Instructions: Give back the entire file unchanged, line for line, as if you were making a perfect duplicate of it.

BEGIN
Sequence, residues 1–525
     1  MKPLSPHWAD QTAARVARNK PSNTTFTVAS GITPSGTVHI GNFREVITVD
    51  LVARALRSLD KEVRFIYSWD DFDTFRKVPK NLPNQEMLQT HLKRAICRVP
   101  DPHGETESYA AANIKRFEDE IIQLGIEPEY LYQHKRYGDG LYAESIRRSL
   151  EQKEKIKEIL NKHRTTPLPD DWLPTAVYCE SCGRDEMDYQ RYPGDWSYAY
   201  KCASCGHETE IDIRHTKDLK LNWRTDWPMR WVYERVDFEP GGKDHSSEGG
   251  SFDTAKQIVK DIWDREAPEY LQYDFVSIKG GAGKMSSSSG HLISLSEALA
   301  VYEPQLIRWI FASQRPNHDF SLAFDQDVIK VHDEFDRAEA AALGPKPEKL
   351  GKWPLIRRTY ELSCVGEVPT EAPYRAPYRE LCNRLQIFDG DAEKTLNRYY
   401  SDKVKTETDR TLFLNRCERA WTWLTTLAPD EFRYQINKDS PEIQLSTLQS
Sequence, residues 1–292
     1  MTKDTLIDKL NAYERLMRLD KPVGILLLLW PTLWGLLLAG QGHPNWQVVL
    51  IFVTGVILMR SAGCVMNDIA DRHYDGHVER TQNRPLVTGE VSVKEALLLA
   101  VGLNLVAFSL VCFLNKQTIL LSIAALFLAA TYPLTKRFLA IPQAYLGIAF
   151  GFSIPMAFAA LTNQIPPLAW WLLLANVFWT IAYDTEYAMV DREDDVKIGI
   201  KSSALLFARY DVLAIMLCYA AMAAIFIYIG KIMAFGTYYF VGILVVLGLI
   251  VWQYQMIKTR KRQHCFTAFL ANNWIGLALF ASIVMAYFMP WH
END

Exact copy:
Sequence, residues 1–525
     1  MKPLSPHWAD QTAARVARNK PSNTTFTVAS GITPSGTVHI GNFREVITVD
    51  LVARALRSLD KEVRFIYSWD DFDTFRKVPK NLPNQEMLQT HLKRAICRVP
   101  DPHGETESYA AANIKRFEDE IIQLGIEPEY LYQHKRYGDG LYAESIRRSL
   151  EQKEKIKEIL NKHRTTPLPD DWLPTAVYCE SCGRDEMDYQ RYPGDWSYAY
   201  KCASCGHETE IDIRHTKDLK LNWRTDWPMR WVYERVDFEP GGKDHSSEGG
   251  SFDTAKQIVK DIWDREAPEY LQYDFVSIKG GAGKMSSSSG HLISLSEALA
   301  VYEPQLIRWI FASQRPNHDF SLAFDQDVIK VHDEFDRAEA AALGPKPEKL
   351  GKWPLIRRTY ELSCVGEVPT EAPYRAPYRE LCNRLQIFDG DAEKTLNRYY
   401  SDKVKTETDR TLFLNRCERA WTWLTTLAPD EFRYQINKDS PEIQLSTLQS
Sequence, residues 1–292
     1  MTKDTLIDKL NAYERLMRLD KPVGILLLLW PTLWGLLLAG QGHPNWQVVL
    51  IFVTGVILMR SAGCVMNDIA DRHYDGHVER TQNRPLVTGE VSVKEALLLA
   101  VGLNLVAFSL VCFLNKQTIL LSIAALFLAA TYPLTKRFLA IPQAYLGIAF
   151  GFSIPMAFAA LTNQIPPLAW WLLLANVFWT IAYDTEYAMV DREDDVKIGI
   201  KSSALLFARY DVLAIMLCYA AMAAIFIYIG KIMAFGTYYF VGILVVLGLI
   251  VWQYQMIKTR KRQHCFTAFL ANNWIGLALF ASIVMAYFMP WH